Friday, October 31, 2008

Review: T-Virus - Horror Thir13teen (2005)

T-Virus [ MySpace ]
Horror Thir13teen
Blood and Guts Records

Six years ago a computer salesman and a janitor joined with three welders to form a Gothic metal band called My Own Kingdom. It took only a year for these five blue-collar Swedes to retool their sound and adopt a variation of punk 'n' roll that allowed them to hang on to a little bit of a Goth edge, and so T-Virus was born. Released in 2005, Horror Thir13teen was their debut (and so far only) album.

T-Virus' sound can be summed up as a mix between Bad Religion and Rancid, with subtle synth tricks blended in to lend an eerie ambiance. They certainly have a more metallic edge than the standard punk revival group, largely due to the meaty riffs and quick solos from Patrick and Micke Persson. Another element that sets them apart is the lyrical content which, except for one sexually-charged track ("Your Little Princess"), revolves around horror movies. Hell, the band took their name from the Resident Evil series of movies and video games. With song titles like "Resident Evil", "Living Dead Doll", and "Kill Her Tonight" it should be fairly obvious that these guys have a thing for zombie splatter.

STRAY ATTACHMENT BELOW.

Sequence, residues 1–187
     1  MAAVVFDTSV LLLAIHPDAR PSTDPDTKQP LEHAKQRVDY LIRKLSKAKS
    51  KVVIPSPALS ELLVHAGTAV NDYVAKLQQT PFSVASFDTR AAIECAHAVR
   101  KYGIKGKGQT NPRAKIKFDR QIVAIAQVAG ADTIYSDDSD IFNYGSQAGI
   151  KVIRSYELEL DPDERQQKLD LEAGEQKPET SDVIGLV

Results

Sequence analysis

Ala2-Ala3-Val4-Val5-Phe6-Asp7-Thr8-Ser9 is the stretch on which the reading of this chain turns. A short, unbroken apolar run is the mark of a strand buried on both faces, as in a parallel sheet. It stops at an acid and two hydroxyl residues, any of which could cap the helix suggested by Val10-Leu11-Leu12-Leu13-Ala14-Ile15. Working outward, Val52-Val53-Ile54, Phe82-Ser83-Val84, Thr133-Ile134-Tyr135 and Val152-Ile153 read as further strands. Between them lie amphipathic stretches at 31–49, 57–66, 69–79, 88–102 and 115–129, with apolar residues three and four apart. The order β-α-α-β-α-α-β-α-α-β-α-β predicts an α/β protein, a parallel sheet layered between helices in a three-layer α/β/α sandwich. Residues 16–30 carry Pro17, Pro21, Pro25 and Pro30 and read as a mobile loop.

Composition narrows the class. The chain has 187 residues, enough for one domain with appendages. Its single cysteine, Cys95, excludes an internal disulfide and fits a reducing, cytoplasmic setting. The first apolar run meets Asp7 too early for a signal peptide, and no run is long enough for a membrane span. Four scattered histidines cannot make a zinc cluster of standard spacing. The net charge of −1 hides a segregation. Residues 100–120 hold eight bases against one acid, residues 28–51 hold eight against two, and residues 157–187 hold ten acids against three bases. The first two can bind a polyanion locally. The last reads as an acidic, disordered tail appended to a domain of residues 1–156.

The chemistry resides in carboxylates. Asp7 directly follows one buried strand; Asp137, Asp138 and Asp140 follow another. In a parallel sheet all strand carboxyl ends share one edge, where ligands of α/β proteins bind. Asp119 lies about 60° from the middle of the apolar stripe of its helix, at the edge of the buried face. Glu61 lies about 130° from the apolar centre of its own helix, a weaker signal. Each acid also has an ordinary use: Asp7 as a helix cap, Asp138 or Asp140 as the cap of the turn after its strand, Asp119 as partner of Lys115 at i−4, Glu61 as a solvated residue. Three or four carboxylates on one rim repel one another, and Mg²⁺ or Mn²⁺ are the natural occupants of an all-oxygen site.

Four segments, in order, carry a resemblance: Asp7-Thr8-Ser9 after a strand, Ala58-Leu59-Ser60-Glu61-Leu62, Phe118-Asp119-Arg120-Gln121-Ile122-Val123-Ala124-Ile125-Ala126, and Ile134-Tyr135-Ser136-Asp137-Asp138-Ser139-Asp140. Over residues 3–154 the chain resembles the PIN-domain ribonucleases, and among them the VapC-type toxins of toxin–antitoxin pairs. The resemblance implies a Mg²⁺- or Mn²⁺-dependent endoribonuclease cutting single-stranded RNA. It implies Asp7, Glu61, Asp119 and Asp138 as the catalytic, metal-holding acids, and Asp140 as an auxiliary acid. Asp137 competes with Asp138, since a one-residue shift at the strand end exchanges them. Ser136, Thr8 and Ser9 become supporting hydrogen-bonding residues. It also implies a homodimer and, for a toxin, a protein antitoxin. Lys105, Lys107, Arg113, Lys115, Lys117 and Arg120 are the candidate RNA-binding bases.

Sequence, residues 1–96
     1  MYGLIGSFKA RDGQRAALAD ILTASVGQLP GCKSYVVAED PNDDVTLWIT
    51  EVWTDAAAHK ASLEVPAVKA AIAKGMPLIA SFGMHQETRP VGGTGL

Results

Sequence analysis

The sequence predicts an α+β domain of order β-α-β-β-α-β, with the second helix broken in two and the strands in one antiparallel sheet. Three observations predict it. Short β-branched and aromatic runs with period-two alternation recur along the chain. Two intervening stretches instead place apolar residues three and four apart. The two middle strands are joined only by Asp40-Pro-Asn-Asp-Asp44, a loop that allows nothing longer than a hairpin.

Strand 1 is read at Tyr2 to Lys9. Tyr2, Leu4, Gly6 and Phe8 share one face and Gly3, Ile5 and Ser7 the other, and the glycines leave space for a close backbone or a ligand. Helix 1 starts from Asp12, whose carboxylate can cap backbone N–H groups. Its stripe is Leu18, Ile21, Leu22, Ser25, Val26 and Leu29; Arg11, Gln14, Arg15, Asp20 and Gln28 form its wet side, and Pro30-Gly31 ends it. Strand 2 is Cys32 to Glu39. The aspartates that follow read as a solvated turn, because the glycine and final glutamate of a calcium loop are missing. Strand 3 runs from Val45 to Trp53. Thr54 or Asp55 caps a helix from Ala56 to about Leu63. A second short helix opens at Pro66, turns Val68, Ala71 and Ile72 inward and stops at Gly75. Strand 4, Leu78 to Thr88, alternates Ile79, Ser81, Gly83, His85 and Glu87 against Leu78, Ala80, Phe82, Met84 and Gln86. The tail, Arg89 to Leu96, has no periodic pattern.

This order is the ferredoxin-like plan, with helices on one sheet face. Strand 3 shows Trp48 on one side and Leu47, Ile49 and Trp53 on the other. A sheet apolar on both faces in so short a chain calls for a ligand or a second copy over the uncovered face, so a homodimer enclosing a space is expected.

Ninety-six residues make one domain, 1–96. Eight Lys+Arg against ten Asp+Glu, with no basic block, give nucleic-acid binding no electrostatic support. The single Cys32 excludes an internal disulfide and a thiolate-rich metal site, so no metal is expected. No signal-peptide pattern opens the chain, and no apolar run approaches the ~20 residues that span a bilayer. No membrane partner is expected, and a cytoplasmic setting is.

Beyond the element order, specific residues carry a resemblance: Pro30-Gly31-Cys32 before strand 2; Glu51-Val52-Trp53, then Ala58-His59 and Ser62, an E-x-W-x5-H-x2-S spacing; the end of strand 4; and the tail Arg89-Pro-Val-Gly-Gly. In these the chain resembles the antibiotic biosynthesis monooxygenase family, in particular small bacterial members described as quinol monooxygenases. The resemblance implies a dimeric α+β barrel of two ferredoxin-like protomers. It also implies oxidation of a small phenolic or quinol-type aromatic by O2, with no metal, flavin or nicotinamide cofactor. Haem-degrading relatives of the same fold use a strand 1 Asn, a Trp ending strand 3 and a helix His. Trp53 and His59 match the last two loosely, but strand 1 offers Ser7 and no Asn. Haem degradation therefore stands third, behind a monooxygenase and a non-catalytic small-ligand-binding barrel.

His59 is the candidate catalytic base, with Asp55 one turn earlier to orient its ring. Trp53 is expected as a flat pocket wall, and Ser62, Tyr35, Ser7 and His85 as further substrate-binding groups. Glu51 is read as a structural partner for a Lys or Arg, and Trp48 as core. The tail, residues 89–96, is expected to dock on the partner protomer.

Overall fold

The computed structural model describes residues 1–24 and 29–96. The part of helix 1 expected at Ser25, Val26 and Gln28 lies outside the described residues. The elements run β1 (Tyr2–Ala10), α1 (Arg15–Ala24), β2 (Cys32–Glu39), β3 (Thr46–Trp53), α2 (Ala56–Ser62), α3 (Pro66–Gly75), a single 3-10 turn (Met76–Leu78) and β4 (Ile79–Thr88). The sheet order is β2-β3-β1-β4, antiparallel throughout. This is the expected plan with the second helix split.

The song "Your Little Princess" stands out not only because the lyrics buck the trend, but also because it's the heaviest and most "metal" track on Horror Thir13teen. Seppo Pykkö's thunderous blast beats set the pace for an assault of riffs that give the song a very '80s speed/thrash sound while the little bit of a porn voiceover at the end ensures the song remains one of the most memorable on the album. One of two tracks that standout for me is the catchy - but all too brief - "Horror Night", the piano accompaniment helping to make it sound as if it's straight out of The Rocky Horror Picture Show. The other notable song is "The Curse", which is the most Gothic sounding track on the album. With memorable synth/riff harmonies mixed together with some noodling solos and a dark piano piece, it's sure to be a favorite around Samhain bonfires.